Because Arabs oppressing Arabs, as is demonstrated everywhere one looks across the Middle East and North Africa, does not trouble our progressive consciences in the least. Jews oppressing Arabs, no matter how small the numbers in the grand scheme of international oppression: that's our top foreign policy concern. Arabs oppressing and killing Arabs, well, that’s an internal matter. Not our affair.

The cognitive dissonance we should experience given this truth is absent, pacified by the apartheid libel, which leap-frogs Palestinian victimhood over all the other injustices on the planet.

Also, it needs to be noted that, unlike the Palestinian leadership, the ANC was not, for most of its history, confronting an opponent across a negotiating table. The ANC never walked away from peaceful negotiations to return to armed struggle, as the Palestinian leadership did.

It diminishes the history and achievements of the ANC to imply through the apartheid libel that its natural descendant is the racist, misogynist, gay-bashing, despotic Palestinian movement.

Anything can be compared to anything, of course, so comparing Israel to the South African apartheid regime is not beyond the realm of human discourse. But intelligent observers would know that Israel is the only country in the Middle East that has legislation like Canada’s and South Africa’s to protect racial, religious and sexual minorities, while absolutely every other state in the region is far closer to apartheid, on this strange spectrum of proximity, than Israel is.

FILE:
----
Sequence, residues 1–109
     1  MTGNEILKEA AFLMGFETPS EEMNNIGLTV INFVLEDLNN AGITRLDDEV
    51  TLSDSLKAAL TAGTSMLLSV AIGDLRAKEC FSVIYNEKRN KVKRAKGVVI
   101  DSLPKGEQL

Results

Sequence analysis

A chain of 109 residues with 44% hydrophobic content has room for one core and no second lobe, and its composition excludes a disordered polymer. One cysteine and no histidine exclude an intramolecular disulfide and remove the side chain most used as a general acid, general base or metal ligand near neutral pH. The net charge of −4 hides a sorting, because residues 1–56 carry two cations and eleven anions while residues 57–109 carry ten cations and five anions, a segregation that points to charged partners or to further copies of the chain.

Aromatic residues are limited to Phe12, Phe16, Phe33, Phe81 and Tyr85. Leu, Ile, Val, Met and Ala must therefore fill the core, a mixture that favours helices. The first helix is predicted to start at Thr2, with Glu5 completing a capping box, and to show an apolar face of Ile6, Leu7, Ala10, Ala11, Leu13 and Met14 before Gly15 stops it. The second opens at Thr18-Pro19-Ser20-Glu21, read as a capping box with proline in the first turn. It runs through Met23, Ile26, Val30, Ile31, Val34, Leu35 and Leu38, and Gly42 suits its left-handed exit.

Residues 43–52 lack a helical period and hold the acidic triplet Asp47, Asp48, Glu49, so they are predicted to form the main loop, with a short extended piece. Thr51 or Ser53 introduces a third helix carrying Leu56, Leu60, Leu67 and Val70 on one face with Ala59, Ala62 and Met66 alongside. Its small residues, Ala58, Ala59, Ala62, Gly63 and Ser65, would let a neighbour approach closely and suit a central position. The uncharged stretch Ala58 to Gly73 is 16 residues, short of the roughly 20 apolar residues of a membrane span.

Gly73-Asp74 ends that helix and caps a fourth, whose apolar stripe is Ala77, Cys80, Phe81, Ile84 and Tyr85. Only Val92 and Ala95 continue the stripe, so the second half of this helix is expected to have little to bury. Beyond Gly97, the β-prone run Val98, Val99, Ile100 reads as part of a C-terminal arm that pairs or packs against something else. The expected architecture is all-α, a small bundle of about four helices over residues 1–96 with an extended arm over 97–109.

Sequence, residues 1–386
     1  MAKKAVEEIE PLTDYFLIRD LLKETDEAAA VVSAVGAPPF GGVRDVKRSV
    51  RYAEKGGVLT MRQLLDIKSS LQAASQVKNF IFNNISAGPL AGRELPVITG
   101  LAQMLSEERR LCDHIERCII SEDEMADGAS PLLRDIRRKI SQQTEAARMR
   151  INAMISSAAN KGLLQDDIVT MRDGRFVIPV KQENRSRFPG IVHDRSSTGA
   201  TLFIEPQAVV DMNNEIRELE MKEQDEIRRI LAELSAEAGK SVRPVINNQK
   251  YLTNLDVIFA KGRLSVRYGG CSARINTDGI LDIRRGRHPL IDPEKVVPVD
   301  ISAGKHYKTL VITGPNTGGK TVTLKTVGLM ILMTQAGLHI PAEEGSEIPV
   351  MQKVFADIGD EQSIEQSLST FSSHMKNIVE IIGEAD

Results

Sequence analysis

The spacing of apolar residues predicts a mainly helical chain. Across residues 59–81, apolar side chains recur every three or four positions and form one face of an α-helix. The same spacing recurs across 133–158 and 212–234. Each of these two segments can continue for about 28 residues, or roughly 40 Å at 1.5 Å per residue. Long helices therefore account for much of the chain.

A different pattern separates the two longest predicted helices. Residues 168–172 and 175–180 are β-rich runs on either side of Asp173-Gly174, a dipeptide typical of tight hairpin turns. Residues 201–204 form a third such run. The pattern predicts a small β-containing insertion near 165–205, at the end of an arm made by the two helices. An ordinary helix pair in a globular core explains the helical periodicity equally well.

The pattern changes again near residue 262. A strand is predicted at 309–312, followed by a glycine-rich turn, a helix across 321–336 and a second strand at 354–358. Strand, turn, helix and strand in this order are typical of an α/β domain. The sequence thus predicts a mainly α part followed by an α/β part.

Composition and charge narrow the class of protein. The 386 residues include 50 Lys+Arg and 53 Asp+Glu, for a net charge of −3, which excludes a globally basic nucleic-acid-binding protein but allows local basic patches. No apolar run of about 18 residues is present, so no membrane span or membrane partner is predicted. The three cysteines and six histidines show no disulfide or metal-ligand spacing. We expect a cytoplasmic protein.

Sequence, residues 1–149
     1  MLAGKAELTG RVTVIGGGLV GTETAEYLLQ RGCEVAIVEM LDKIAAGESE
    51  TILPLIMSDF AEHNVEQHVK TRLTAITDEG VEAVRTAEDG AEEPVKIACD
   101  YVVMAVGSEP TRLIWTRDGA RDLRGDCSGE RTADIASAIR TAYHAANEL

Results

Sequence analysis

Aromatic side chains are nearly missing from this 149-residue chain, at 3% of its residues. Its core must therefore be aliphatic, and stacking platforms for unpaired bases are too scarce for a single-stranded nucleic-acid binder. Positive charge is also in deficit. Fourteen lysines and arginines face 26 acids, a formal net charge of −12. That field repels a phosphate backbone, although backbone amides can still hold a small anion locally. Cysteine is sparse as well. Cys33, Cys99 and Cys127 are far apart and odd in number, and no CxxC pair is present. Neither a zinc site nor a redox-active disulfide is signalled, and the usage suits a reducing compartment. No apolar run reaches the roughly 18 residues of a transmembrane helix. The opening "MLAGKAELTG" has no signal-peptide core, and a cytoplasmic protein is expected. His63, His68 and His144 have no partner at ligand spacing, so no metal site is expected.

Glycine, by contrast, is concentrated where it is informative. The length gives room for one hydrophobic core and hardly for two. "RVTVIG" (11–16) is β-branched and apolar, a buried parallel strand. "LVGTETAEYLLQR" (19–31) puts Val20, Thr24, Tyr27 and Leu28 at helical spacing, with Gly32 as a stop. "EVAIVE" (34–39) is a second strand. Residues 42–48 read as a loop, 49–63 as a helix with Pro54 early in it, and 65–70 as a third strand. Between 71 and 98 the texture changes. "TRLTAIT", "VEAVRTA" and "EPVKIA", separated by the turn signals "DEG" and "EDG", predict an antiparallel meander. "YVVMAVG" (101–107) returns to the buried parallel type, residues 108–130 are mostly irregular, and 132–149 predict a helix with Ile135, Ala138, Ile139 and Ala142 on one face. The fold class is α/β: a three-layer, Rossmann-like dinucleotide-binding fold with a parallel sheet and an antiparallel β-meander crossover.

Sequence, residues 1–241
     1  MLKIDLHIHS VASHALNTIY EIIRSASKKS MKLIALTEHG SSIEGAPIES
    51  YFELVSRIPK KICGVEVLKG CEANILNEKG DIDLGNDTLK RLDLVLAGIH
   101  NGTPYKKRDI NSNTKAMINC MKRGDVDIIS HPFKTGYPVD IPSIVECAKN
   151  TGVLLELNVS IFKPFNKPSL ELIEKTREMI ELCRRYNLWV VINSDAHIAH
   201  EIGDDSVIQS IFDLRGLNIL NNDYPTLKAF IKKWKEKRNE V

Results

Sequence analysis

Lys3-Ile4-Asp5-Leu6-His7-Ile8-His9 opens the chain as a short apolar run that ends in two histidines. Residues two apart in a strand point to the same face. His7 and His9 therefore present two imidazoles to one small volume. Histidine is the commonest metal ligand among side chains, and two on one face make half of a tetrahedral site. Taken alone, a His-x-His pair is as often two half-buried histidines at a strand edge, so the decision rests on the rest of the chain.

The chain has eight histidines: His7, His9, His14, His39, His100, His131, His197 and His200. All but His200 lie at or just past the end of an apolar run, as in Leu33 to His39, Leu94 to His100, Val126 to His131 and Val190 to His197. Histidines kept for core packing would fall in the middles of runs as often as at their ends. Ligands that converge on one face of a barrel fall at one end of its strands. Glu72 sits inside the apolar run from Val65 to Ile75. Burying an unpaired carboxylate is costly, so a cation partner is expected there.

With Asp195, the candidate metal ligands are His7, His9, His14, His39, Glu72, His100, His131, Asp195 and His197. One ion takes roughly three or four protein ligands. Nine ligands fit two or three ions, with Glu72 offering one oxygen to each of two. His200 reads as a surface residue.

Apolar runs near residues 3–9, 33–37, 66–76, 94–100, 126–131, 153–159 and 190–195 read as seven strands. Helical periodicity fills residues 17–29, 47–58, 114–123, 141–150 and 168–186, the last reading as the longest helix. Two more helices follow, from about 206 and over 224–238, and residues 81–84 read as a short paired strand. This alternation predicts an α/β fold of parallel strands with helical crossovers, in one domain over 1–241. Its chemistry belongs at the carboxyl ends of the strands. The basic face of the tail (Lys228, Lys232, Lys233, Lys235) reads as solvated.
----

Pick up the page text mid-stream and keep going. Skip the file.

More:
Still, the cultural appropriation of the apartheid libel is what should make it toxic to progressive people. How demeaning is it to usurp the horrible historical experiences of Africans under apartheid and then sloppily apply it to a deeply incongruous situation, even down to the assertion that Palestinians live in “Bantustans”?

It should raise the question: Is the predicament of Palestinians not persuasive enough in its own right? Why diminish the historical experiences of another people to make the case? And why is the opposite never true? Why does no one look at the situation of, say, Rohingya and declare, “This is just like Palestine!”

Could it be because the world knows that the situation of Palestinians is not anywhere close to being equivalent to that of Rohingya or Nigerians or Yemenis?

Is it because, without the Palestinian movement’s hysterical hyperbole, the world would recognize that Palestinians are so far down the totem pole of suffering that we might begin to ask why they benefit from a near-monopoly of attention from global human rights activists, NGOs, media and the United Nations?

Jews oppressing Palestinians, well, that’s something we can sink our self-righteous indignation into. It may affect an infinitesimally small number of Arabs, compared to the panoramic oppression across the Arab world. It may even be based on entirely legitimate security concerns after seven decades of attempts to individually or collectively eliminate the Jews from the Middle East. It may be a conflict so far down the list of global flashpoints that it doesn’t deserve, by any measure, a tiny fraction of the energy we devote to it.

But call it “apartheid” and watch every bit of reason and critical thinking evaporate as we take to the streets, campuses and UN General Assembly to put a stop to this intolerable injustice.

[1] Schweitzer, F. and M. Perry: Anti-Semitism: Myth and Hate from Antiquity to the Present. P. 11